Now that we are well into July, the good old USA Network has begun to trot out its heavyweights. White Collar owned Tuesday nights last summer (with some help with Covert Affairs, too; more on that next week), even beating out the networks in its time slot. We’re just one episode into the fourth season. With a notable new face and 100 percent more caipirinhas, it’s time to join the movement.
This is the show for you if you like: The Rat Pack and buddy-cop comedies. Neal Caffrey is a thief and a lover of the finer things in life, like expertly tailored suits, fedoras, and expensive paintings. FBI agent Peter Burke is a standup guy who hunted Neal for years before ultimately catching him. Now, the two are a team: Neal is Peter’s partner in solving white collar crimes for “the bureau.” (Peter says the words “the bureau” at least once per episode.) Instead of serving out a sentence in jail, Neal reports to Peter and together they take down high-level gambling rings, art forgers, and the like. Of course, Neal can’t suppress all his con-man urges, so high jinks ensue and Peter often has to save (and cover for) Neal. Meanwhile, Neal is thrilled to be free from jail because he can return to wearing the ’50s-style clothes that he somehow lucked into as they strut around New York City, just happening to always be in front of the city’s most beautiful mid-century facades.
The person you are most likely to recognize from a previous show or movie: White Collar truly has a star-studded cast, even without accounting for breakout success Matt Bomer (I’ll get to him later). First, there is Stanford from Sex and the City as Neal’s best con-man friend. Then there’s Tiffani(-Amber) Thiessen, who probably doesn’t need an introduction. But that’s not all! Gallant from ER and Naomi from Lost are the assistants to Tim DeKay’s Peter Burke. You might recognize DeKay as Bizarro Jerry, though there have been myriad opportunities for you to see his mug. And still! Former MTV VJ and One Tree Hill alumna Hilarie Burton plays Matt Bomer’s girlfriend; Clockers/8 Mile/ER star Mekhi Phifer joins the cast this year as Peter’s nemesis; Beau Bridges played Peter’s nemesis last season; Tony-winning actress Diahann Carroll is Neal’s benefactor. This show has a very impressive casting director.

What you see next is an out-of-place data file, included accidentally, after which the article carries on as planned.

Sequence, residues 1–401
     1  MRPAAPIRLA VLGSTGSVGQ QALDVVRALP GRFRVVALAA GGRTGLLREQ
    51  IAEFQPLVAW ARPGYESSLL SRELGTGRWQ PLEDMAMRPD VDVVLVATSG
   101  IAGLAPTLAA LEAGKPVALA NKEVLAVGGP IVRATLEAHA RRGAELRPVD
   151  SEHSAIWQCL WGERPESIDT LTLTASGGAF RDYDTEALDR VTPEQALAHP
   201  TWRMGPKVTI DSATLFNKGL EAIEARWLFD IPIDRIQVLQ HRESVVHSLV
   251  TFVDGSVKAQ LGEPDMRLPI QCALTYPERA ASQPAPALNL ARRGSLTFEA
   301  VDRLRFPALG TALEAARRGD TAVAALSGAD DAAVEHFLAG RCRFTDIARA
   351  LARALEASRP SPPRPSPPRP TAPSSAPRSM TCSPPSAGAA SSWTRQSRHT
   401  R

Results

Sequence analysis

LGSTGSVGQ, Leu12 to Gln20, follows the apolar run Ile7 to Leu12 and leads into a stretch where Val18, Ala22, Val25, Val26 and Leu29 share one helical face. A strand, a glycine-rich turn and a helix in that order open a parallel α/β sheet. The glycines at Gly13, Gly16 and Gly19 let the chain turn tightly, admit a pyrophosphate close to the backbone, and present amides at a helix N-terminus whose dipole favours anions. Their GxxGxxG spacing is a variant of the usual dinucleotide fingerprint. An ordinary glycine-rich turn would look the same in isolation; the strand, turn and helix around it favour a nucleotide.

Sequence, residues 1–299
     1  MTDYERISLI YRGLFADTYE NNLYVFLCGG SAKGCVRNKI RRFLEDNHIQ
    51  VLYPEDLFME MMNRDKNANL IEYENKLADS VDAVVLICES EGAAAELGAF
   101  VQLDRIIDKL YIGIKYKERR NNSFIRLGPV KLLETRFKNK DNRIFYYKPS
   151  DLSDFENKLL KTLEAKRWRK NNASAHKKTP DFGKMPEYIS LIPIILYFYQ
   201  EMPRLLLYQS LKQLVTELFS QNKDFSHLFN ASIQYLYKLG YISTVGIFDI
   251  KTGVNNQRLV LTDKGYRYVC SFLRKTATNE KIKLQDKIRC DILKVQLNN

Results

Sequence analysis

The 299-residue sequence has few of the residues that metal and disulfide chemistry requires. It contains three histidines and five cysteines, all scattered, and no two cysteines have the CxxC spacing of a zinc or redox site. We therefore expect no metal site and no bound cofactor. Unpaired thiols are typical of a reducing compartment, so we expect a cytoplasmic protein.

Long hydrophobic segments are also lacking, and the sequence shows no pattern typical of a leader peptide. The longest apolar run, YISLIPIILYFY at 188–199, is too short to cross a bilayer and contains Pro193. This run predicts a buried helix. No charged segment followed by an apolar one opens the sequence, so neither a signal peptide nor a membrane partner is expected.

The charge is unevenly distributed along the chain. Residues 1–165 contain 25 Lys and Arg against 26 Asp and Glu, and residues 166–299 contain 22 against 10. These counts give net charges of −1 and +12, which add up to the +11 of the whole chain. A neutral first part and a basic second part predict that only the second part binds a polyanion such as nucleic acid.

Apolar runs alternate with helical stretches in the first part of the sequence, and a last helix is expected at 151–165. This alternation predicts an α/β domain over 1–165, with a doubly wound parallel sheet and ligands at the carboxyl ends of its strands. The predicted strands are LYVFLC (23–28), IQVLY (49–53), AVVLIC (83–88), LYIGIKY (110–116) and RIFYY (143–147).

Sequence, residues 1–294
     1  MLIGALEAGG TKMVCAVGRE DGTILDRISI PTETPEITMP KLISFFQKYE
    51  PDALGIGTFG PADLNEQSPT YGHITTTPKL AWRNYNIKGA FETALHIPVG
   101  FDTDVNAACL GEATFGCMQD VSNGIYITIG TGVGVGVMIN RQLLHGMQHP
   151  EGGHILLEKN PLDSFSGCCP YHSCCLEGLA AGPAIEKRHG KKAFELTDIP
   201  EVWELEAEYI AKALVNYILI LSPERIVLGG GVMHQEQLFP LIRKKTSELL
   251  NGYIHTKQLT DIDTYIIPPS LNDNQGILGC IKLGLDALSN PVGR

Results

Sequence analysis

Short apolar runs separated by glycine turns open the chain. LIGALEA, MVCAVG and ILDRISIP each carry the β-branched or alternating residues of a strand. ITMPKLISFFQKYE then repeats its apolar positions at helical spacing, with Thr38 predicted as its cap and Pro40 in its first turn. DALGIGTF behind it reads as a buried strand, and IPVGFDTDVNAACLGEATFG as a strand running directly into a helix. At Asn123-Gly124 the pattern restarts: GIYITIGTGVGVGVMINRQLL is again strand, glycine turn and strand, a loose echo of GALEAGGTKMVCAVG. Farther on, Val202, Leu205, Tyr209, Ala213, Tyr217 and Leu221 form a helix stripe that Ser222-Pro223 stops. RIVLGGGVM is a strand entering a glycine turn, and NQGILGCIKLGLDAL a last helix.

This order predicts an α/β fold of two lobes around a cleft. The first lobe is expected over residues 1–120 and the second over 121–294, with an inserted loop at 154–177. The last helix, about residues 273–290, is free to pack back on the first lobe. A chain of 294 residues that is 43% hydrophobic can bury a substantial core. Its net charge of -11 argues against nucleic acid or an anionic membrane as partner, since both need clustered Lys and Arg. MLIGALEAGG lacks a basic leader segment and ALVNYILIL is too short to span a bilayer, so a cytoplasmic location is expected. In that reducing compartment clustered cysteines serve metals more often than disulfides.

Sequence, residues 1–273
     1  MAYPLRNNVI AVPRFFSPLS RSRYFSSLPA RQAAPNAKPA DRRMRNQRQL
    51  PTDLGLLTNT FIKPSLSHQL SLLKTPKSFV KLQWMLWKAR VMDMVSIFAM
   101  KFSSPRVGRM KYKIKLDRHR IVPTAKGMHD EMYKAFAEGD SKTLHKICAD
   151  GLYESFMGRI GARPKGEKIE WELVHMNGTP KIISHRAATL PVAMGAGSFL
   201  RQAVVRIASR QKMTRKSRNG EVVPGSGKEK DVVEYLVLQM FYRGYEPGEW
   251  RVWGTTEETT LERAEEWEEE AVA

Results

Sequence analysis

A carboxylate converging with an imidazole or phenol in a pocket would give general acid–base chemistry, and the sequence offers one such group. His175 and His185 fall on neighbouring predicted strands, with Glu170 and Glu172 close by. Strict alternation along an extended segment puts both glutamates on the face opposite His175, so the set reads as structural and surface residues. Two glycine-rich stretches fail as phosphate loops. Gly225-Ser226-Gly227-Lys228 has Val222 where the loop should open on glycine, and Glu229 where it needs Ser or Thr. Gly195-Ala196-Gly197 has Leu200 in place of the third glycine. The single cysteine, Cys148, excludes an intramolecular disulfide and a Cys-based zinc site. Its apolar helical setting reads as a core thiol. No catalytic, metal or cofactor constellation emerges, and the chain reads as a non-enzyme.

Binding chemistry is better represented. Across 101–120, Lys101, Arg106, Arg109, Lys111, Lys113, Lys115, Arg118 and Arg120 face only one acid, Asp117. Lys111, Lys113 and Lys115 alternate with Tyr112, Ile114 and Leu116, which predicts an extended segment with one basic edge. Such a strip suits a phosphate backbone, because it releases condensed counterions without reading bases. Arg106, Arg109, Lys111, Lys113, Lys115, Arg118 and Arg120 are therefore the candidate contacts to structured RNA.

The basic plot you need to know: When you watch this show, you must accept that it may be impossible to retain all plot points. There have been so many twists and turns, so many previous crimes and previous foes, that one cannot find the mind space to keep track of it all. Here’s where we are now: Neal Caffrey has just fled New York and returned to fugitive status. GASP! It’s OK, though: Peter condoned (and even enabled) this escape. Last season, Neal was up for commutation of his sentence. He would be free of the ankle monitor, and Peter believed Neal would be ready for that freedom, and that he’d remain an FBI employee. However, Beau Bridges wanted to steal Neal from Peter and make him move to Washington, D.C., where he’d have to continue to wear the anklet. Thus, when Beau Bridges succeeded with his plot, Peter told Neal to flee. Now he’s on the run with his con-man BFF, Mozzie (a.k.a. Stanford Blatch a.k.a. Willie Garson) currently in Cape Verde. Mekhi Phifer is hunting Neal and suspects Peter to be the accomplice. Phifer has just cornered Caffrey on said Carribbean island, Peter is implicated, and we White Collar fans are on the edge of our seats as we wait for all this to be resolved.
What about girlfriends? Well, the show began with Neal grieving over the death of his love, Kate. But she’s irrelevant now, supplanted by Hilarie Burton’s Sara Ellis. She is an insurance risk assessor (or something) who’s Neal’s one true counterpoint in terms of theft and, it turns out, love. But they are currently broken up. I suspect she’ll be back soon, though. Peter is married to Tiffani Thiessen in what may be television’s most functional and adoring marriage.
Final argument: Two words: Matt. Bomer. What can’t this guy do?
He can sing.
He can dance (or he can try to; he’s no Channing Tatum, but then, who is?).
And he’s objectively very, very handsome.
Oh, and he can act, too. Or at least he’s very skilled at playing Neal Caffrey with the right mixture of charm and suspended self-awareness. Matt Bomer is not just having a moment. Matt Bomer is here to stay. After a few false starts on shows like the canceled-without-resolution Traveler, White Collar has rooted his career and paved the way for him to play a hot stripper. I defy anyone to not love him after a few episodes of the show.